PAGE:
Rental Market Bubble?

If you know of someone looking for a rental, or if you are, you've noticed it's competitive and expensive. Many renters are starting to think they might as well buy because buying might be cheaper...

If you or someone you know are looking for a rental, you'll find that it is competitive and expensive. Many renters are beginning to think they might as well buy because buying might be cheaper than renting.

Being tied to an asset that might be devalued has driven many to rent instead of buy. Plus, with the supply of new homes on the market outstripped by demand, renting appears to offer more flexibility and immediate gratification. As my information below suggests, not so fast!

Rents are sky high and climbing. Rents around the Bay Area are the least affordable in the country. The most expensive counties are San Francisco, Marin and San Mateo.

Over the last 4 years, rental prices have climbed 13.7 percent in San Francisco, while occupancy rose only 1.3 percent. At the beginning of this year, average monthly rent in San Francisco County was $2,585.00.

In late 2011, apartments in Marin were more expensive than they had been in 6 years, with the average rent in Marin County up to $1,903, a 10 percent increase over 2010.

Lack of inventory both for sale and for rent are fueling higher prices: Supply and Demand. Waiting lists, climbing rents and increased competition for available units are driving this so called feeding frenzy. Applicants are willing to bid up the monthly rate just to nab a place before it hits the market.

The same thing is happening in the residential market. I recently listed a home in Mill Valley and one buyer came through and made an offer over asking to keep it off the open market. Of course, this can cut both ways, but the reality is, with fewer homes on the market and inventory low, this is what is happening.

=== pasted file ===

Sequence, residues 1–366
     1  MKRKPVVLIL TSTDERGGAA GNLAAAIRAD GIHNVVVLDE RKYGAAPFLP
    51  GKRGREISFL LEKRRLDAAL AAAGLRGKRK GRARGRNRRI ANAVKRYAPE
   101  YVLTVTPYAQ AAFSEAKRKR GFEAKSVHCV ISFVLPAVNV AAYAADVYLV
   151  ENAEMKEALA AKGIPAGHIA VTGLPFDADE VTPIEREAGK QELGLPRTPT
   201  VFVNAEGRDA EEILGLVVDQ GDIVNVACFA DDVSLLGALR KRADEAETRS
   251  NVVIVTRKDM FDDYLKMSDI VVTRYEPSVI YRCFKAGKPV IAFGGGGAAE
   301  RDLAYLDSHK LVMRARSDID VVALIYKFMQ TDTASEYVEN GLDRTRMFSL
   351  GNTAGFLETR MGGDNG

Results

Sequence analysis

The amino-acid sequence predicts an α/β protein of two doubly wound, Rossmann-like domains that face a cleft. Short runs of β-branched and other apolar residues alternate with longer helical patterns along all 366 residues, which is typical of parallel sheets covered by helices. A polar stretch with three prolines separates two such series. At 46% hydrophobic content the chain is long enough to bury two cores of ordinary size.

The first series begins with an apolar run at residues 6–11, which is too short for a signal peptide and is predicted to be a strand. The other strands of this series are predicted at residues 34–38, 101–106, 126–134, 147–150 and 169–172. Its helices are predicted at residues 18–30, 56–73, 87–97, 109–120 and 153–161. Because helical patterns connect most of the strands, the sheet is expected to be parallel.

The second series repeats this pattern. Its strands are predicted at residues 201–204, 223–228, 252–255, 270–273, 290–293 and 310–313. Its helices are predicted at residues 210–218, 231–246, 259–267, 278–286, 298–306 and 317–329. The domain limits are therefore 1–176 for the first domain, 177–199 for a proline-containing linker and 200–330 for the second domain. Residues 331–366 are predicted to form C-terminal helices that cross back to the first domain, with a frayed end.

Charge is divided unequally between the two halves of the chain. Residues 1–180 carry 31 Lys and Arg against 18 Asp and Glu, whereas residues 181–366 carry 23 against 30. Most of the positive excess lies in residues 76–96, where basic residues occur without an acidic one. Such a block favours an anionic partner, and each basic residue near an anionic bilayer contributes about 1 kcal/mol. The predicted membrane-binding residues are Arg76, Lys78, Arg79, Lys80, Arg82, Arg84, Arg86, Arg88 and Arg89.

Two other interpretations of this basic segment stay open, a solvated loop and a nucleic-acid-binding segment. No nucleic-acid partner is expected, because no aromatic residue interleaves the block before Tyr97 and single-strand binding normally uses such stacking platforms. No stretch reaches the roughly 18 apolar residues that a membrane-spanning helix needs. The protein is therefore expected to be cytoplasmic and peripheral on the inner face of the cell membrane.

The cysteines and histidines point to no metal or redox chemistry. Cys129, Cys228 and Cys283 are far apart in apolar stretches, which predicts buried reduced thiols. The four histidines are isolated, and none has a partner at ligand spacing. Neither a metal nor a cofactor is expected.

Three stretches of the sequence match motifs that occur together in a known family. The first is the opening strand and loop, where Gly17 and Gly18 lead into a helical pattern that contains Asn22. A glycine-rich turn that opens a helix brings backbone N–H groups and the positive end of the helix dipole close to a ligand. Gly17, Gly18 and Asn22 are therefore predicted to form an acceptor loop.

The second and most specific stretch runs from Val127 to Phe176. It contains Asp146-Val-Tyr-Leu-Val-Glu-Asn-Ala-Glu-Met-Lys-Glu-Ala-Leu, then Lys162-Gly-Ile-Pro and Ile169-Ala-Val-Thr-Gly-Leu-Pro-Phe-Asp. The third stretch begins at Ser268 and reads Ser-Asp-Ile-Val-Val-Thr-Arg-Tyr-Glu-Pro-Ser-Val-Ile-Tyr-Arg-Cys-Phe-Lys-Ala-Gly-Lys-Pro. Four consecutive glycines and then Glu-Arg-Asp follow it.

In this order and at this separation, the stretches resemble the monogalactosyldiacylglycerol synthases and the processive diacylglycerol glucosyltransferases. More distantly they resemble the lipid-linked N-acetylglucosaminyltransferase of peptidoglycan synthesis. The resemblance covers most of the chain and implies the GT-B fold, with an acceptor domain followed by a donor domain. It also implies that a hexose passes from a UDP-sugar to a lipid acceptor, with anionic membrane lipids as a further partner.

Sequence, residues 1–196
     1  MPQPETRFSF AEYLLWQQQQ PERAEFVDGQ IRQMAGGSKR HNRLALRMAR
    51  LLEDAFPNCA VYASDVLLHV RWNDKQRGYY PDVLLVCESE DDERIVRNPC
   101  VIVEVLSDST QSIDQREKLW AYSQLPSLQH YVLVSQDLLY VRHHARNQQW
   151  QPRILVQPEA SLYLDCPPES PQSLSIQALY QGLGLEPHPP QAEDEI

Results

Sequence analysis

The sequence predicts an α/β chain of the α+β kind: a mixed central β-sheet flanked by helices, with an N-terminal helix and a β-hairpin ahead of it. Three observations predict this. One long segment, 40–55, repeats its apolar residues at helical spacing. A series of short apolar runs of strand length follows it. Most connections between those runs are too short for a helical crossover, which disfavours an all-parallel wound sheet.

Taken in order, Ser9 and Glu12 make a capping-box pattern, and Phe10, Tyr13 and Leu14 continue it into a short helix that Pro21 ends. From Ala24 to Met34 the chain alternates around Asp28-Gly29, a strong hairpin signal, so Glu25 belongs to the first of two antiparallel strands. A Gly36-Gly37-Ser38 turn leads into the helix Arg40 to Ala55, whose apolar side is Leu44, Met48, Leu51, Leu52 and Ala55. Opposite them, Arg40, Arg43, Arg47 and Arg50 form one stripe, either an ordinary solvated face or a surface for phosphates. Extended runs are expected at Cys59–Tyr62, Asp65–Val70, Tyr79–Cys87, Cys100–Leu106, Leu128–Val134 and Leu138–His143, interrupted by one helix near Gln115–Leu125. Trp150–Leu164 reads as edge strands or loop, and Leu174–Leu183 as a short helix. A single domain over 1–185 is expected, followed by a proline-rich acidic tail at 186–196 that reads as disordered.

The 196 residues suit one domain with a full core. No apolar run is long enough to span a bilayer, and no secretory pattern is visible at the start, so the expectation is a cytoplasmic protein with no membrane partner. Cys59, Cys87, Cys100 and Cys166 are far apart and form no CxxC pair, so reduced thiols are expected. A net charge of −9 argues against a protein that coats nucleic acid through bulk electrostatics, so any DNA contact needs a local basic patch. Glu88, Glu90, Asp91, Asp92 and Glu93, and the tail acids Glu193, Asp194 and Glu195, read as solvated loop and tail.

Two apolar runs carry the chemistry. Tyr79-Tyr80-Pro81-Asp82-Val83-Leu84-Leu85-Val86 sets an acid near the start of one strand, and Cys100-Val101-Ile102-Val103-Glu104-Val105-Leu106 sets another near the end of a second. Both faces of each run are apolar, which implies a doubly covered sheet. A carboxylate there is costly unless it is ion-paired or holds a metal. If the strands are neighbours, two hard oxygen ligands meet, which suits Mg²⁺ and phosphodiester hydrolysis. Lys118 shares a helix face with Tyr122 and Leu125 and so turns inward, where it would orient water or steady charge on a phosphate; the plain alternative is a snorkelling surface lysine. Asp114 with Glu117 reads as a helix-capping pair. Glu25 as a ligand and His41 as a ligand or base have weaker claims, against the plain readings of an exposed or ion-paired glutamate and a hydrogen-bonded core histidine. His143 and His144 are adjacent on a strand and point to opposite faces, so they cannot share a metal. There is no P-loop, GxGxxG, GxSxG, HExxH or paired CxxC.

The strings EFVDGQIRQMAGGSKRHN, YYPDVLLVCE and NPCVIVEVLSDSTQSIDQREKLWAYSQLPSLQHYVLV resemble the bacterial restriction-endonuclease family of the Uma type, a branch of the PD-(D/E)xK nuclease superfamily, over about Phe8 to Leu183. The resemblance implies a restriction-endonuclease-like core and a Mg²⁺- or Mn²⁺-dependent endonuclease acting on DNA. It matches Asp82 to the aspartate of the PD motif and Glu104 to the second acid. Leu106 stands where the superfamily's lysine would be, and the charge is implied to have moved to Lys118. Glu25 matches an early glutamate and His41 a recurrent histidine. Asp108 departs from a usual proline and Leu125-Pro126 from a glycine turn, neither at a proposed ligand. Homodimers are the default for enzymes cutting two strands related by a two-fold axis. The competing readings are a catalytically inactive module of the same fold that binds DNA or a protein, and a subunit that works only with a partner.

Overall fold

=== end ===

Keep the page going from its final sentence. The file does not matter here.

The market is waiting for the Dot-Commers, too. It is anticipated that once Facebook goes public, there will be more competition in both markets. This potential influx of cash could drive prices higher in both markets. Many of these soon to be millionaires may not be ready to put down roots, so they may look to the rental market.

Should you rent or buy? Would-be renters who haven’t been able to find reasonable rent have the usual options – split the rent with a roommate, move further away from the priciest areas, look for alternatives such as renting a room instead of a full unit.

Naturally, the other option is to buy. That may work in some parts of the country but, you guessed it, San Francisco and Honolulu top the most expensive list. If you rent a 1,350-square-foot home for $3,300 a month, you could buy, with 20 percent down, a 1,600 SF home for $3,197.00 a month. Assuming this: 5/1 adjustable rate at 2.75 percent with 20 percent down and does not include taxes and insurance.

This post is contributed by a community member. The views expressed in this blog are those of the author and do not necessarily reflect those of Patch Media Corporation. Everyone is welcome to submit a post to Patch. If you'd like to post a blog, go here to get started.


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